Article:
Anderson, without giving examples, argues civilizations go through ten stages in the life cycle, which funny enough, he says begin with bondage and end with bondage. Since details are scanty on the great African civilizations, I am not sure this argument can be fully demonstrated to be the case.

From here on, Anderson has left the purview of history and has become a preacher. We will indulge him either way. He writes

Christians can point to unusual times when revival has redirected the inexorable decline of a civilization. In the Old Testament, Jonah saw revival postpone God’s judgment of Nineveh. In the sixteenth century, Martin Luther and John Calvin saw a Protestant Reformation transform Europe.

Two things need to be said here; it is common knowledge for the patrons of this great site that I am without the idea of god, god’ is to me a sound conveying no clear or distinct affirmation. With this in mind, I will ask further the theist, having said the bible stories cannot be treated of literally, what I am to make of the story of Jonah. Was in a fish? Is this story of Jonah an eyewitness account or divine inspiration? Can god inspire the scribes to write what didn’t happen? As for Martin Luther, we know from his thesis, among other things, he was tired of the corruption of the clergy among other things but that he was anti-Semitic as the come and Calvin killed Severus among other his great deeds. Whether this counts as revival, I know not.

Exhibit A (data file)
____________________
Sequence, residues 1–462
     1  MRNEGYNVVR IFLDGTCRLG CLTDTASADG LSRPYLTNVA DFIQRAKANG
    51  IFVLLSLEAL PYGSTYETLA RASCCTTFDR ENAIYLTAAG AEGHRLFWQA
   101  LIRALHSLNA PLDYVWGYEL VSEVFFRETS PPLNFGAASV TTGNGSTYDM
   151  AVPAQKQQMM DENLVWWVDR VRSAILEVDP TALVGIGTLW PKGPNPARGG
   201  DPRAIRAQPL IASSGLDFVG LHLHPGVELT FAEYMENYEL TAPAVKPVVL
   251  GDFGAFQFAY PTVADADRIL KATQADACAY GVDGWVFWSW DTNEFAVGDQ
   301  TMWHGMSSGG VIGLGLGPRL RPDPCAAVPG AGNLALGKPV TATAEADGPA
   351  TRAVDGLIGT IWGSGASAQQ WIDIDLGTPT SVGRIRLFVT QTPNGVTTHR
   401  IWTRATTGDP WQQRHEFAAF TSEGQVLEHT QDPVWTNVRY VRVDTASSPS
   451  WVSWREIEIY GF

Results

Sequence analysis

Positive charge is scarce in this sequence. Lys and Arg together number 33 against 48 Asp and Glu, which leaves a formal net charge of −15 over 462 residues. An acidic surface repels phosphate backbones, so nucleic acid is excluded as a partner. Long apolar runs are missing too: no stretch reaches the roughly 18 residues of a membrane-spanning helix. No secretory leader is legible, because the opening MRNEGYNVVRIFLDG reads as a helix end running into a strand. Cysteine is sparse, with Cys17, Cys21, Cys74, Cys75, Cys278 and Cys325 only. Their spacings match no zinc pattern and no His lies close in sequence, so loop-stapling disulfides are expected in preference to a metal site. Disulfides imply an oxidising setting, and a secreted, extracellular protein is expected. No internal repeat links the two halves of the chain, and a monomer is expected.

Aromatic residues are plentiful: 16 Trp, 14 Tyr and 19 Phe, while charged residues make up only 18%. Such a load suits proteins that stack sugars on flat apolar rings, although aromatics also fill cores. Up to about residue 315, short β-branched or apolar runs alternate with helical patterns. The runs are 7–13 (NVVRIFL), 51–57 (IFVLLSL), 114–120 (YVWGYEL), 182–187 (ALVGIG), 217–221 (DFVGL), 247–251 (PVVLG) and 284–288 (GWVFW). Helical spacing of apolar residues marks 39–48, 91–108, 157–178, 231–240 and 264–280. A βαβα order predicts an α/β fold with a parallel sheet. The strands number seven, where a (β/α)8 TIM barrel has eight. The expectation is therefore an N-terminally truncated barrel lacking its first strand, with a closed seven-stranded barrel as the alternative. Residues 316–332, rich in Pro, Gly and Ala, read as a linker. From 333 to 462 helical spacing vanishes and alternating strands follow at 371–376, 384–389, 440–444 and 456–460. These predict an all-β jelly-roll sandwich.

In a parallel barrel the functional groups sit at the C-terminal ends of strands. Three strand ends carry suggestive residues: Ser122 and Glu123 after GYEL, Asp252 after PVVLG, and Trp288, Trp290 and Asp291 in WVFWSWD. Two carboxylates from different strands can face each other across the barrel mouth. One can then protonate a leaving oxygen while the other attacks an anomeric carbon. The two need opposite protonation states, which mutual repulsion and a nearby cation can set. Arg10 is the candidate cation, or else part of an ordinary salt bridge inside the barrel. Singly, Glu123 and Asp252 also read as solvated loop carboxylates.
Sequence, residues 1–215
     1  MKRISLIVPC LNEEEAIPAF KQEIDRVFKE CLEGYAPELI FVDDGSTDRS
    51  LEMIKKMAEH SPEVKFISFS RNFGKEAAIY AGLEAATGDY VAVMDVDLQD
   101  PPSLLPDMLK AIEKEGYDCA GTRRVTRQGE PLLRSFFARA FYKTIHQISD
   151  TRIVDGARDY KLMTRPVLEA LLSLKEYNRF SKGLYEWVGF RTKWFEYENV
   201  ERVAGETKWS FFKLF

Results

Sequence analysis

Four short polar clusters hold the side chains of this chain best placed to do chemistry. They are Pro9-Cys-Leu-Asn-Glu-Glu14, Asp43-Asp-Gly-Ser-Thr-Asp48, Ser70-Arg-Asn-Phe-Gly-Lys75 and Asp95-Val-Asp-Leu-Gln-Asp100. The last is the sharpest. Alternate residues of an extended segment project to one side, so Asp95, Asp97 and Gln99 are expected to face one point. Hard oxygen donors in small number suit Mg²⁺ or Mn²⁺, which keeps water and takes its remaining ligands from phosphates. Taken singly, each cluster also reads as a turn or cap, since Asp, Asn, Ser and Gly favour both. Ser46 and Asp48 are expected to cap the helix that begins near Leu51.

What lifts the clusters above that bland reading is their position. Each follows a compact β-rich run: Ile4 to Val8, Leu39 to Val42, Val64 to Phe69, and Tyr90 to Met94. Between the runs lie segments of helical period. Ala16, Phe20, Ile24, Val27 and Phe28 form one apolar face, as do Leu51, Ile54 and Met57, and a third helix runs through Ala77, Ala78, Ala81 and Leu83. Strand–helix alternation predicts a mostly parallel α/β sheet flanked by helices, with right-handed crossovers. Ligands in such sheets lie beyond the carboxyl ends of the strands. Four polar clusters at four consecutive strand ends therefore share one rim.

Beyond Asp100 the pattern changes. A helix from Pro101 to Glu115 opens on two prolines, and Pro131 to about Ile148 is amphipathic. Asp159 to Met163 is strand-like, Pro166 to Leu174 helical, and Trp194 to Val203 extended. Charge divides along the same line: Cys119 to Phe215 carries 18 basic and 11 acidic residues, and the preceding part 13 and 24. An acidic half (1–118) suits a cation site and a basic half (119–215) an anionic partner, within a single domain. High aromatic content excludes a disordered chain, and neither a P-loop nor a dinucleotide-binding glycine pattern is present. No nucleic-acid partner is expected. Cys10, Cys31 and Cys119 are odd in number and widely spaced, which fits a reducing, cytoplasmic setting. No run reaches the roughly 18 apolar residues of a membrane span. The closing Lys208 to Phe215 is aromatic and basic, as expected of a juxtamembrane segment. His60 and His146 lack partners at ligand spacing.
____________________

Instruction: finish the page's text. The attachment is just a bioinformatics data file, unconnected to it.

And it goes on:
When our interlocutor writes

But apart from God’s intervention, nations will decline and eventually pass off the scene. Much of the Old Testament records the history of the nation of Israel. It passed through these same stages and so will every country in the world.

I think he is being economical with the truth. When men were very religious, they killed witches, the children crusade of 1212. For this and other stories of great religious periods and what they did, read Norman Cohn’s The Pursuit of the Millenium.